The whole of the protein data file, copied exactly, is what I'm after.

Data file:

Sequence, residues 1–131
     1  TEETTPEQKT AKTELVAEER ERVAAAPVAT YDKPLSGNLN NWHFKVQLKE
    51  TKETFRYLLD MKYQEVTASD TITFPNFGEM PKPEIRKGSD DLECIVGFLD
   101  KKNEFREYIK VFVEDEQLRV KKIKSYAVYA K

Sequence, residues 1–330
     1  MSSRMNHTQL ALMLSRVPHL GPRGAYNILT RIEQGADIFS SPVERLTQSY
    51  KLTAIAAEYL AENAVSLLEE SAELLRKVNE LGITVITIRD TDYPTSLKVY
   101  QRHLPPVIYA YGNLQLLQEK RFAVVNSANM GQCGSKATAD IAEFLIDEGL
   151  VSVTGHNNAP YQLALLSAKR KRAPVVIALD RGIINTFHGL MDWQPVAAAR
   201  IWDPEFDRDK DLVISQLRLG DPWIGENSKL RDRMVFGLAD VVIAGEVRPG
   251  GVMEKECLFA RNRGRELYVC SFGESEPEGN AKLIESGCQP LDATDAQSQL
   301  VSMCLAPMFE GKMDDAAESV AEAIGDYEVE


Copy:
Sequence, residues 1–131
     1  TEETTPEQKT AKTELVAEER ERVAAAPVAT YDKPLSGNLN NWHFKVQLKE
    51  TKETFRYLLD MKYQEVTASD TITFPNFGEM PKPEIRKGSD DLECIVGFLD
   101  KKNEFREYIK VFVEDEQLRV KKIKSYAVYA K

Sequence, residues 1–330
     1  MSSRMNHTQL ALMLSRVPHL GPRGAYNILT RIEQGADIFS SPVERLTQSY
    51  KLTAIAAEYL AENAVSLLEE SAELLRKVNE LGITVITIRD TDYPTSLKVY
   101  QRHLPPVIYA YGNLQLLQEK RFAVVNSANM GQCGSKATAD IAEFLIDEGL
   151  VSVTGHNNAP YQLALLSAKR KRAPVVIALD RGIINTFHGL MDWQPVAAAR
   201  IWDPEFDRDK DLVISQLRLG DPWIGENSKL RDRMVFGLAD VVIAGEVRPG
   251  GVMEKECLFA RNRGRELYVC SFGESEPEGN AKLIESGCQP LDATDAQSQL
   301  VSMCLAPMFE GKMDDAAESV AEAIGDYEVE